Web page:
What happens to big spenders if MLB is done in 2020?


by - Staff Writer -
What happens to big spenders if MLB is done in 2020?

It seems like every day for the past week, or so, we are getting conflicting reports as to when baseball will start. Along with that, we also have different proposals as to where games will be played, how they will be played, how divisions will be made up, and when they will be played with some hopes of seeing action this season.

While a lot needs to be settled at this point, especially with COVID 19, it is good to hear that the league is talking about different options as that shows they have some confidence in playing this season. The problem is, in the back of every owner's mind, they have to be thinking about the worst-case scenario about possibly not playing this season at all.

Should that happen what happens to big spenders or teams tight on cash heading into next offseason? Well, for starters, it is going to hurt every organization one way or another if baseball isn't played, so let's get that straight. However, some teams will undoubtedly be hurt more than others as money is the ultimate equalizer.

For teams like the Dodgers, Yankees, and usually the Red Sox, spending money on free agency is never an issue, and even if this season is a loss, look for them to be active again next season despite potential luxury tax concerns. Then you have teams like the Marlins, A's, Rays, and I would go as far as saying the Brewers and Rockies as they have some money to spend, but not tons. Losing an entire season wouldn't necessarily hurt them from a player revenue standpoint, but more so a television revenue standpoint as their markets are small as it is.

Then you have the third tier of teams, which is where the Cubs come into play. A team that has a ton of money, but is on a spending crunch due to luxury tax concerns. How does this affect them moving forward? Well, for starters, staying under the luxury tax this year would help reset the tax numbers next year, allowing them to spend at will once again. The problem becomes if no games are played, does that cap reset?

Let's say that this year is a wash, and no games are played. Not only are you responsible for paying your roster this year, but you may run the risk of not having the tax threshold reset next year, which could hamper you spending wise more so than ever before. Not only are you responsible for what is currently on your roster now, but you are losing a year of control on guys like Bryant, Rizzo, Contreras, Baez, and Schwarber, all guys who you will have to entertain the idea of paying soon. That was the main point to reset the cap because it would open more money to retain at least some of these players.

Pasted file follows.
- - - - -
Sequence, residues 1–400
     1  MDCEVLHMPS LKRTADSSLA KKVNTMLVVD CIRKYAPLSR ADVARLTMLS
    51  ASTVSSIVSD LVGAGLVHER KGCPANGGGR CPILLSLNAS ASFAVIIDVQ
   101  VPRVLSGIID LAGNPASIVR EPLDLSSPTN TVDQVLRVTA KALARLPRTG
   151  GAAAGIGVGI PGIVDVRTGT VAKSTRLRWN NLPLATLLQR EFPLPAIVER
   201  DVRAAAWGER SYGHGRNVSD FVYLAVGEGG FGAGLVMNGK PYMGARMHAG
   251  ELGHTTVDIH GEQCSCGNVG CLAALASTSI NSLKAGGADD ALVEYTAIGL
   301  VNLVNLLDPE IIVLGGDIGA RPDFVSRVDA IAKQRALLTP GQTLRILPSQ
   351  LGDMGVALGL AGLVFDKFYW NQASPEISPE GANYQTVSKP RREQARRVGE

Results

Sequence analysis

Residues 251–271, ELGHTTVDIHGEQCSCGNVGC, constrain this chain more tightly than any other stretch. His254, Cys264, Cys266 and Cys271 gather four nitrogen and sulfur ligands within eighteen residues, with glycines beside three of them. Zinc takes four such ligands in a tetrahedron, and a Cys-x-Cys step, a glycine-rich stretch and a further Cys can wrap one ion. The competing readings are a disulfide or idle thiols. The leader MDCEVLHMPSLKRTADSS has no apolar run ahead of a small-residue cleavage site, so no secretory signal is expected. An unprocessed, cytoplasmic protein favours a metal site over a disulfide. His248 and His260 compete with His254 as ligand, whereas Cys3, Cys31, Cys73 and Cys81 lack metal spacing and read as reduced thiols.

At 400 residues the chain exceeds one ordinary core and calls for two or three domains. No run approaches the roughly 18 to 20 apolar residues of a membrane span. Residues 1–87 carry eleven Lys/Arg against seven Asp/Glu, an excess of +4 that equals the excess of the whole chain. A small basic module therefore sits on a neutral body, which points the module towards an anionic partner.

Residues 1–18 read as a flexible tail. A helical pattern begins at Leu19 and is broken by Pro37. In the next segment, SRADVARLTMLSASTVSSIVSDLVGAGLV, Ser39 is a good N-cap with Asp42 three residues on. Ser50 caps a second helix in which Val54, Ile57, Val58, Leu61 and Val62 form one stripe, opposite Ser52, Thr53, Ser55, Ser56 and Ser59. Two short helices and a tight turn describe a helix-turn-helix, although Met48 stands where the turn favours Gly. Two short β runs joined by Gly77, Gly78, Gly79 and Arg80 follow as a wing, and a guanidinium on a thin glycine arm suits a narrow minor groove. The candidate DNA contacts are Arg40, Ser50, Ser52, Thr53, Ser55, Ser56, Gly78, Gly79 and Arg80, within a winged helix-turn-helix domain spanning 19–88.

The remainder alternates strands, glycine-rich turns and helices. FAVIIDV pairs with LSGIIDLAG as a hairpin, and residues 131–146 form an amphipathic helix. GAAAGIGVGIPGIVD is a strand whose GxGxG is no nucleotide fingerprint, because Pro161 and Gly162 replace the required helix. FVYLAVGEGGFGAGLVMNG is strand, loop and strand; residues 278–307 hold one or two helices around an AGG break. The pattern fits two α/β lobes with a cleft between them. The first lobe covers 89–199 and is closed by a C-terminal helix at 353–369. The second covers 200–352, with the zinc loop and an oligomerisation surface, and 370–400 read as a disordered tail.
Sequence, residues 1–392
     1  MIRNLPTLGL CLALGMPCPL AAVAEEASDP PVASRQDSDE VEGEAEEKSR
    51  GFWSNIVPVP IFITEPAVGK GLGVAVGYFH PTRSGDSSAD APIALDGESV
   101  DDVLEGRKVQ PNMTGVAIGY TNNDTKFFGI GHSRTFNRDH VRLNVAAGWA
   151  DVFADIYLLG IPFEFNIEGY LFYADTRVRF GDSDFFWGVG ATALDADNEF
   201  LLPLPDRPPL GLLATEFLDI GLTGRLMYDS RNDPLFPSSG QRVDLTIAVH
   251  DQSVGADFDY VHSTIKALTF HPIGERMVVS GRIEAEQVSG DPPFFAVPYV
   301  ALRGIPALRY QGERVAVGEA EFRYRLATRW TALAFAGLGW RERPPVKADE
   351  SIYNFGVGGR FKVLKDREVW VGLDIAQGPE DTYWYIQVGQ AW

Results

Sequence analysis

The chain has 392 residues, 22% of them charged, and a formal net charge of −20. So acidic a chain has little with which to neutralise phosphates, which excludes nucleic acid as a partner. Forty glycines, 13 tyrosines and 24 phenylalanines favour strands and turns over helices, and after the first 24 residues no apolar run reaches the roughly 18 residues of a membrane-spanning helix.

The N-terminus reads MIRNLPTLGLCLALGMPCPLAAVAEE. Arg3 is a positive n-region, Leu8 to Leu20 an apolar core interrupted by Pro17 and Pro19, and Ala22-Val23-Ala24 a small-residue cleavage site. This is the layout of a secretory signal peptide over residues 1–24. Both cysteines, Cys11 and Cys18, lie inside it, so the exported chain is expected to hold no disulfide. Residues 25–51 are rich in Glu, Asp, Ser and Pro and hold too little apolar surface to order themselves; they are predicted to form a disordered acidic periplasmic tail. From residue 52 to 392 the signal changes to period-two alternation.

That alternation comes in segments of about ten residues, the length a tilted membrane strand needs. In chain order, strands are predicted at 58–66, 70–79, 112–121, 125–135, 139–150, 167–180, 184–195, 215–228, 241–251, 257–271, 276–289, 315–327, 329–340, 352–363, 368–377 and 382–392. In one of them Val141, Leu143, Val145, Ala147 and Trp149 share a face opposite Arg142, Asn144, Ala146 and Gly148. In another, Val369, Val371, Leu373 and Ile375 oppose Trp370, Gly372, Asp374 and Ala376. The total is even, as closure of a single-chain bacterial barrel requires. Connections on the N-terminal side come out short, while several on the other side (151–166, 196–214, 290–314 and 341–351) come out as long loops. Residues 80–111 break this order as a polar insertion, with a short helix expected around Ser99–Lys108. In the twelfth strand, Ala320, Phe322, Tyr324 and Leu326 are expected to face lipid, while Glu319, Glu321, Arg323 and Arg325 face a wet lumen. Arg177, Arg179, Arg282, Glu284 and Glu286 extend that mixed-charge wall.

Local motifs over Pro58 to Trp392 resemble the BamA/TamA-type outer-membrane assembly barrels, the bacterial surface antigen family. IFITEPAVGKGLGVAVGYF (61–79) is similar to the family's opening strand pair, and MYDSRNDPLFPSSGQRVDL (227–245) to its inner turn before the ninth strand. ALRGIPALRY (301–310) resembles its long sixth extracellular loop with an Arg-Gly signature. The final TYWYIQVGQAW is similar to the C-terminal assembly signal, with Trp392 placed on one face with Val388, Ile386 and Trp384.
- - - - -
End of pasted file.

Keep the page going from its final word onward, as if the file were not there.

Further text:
Can you imagine losing a year of control on these players and then not having the tax reset because a game isn't played in 2020? That is a lose-lose situation for this franchise as they would be in a difficult financial and organizational situation should that happen.

On the flip side of this, the Cubs could get lucky and have the tax reset without playing a game. Along with that, they may only be on the hook to pay their current players a fraction of their annual salary as a result of this shut down which could create more money in the process. In return, the Cubs could be huge players next season both internally and externally to improve the roster long term and make this team a contender once again.

The biggest concern I have with the current state of the MLB season is more so what happens to the players next season both under contract and on the free-agent market. Players are going to want their money, and we have already seen over the past few free agencies that teams are less and less hesitant to spend as big as they have in the past.

With the potential of no baseball this season, how would teams approach free agency? Would they approach like nothing ever happened and continue to do business as usual? Would they approach it more cheaply and urge on the side of caution to not break the bank on anyone? Would you see teams take out flyers on players who were on the verge of breaking out, but had to wait a year once again? Or would you have more players accepting qualifying offers, knowing that is probably the best they could do next season?

While I don't know what to expect at this point, I expect one of two things next year. I expect the rosters to look similar to this season with players accepting qualifying offers, or I expect tons of turnover knowing the number of potential players on the market after this year. The more players in the market, the harder it will be for them to get what they want in free agency as teams will have to be very careful what they spend and how they choose to spend those dollars.

You also need to consider the health of these players going forward as they will lose a year of baseball shape and quite frankly are not on their usual routine anymore. More injuries could result from that, which is why I don't see many players getting more than four or five-year deals next year as teams will have a lot of concerns.

Whatever is expected to come from this for the remainder of this season and beyond is still unclear. One thing we can agree on is that we have never seen anything like this and may never again.

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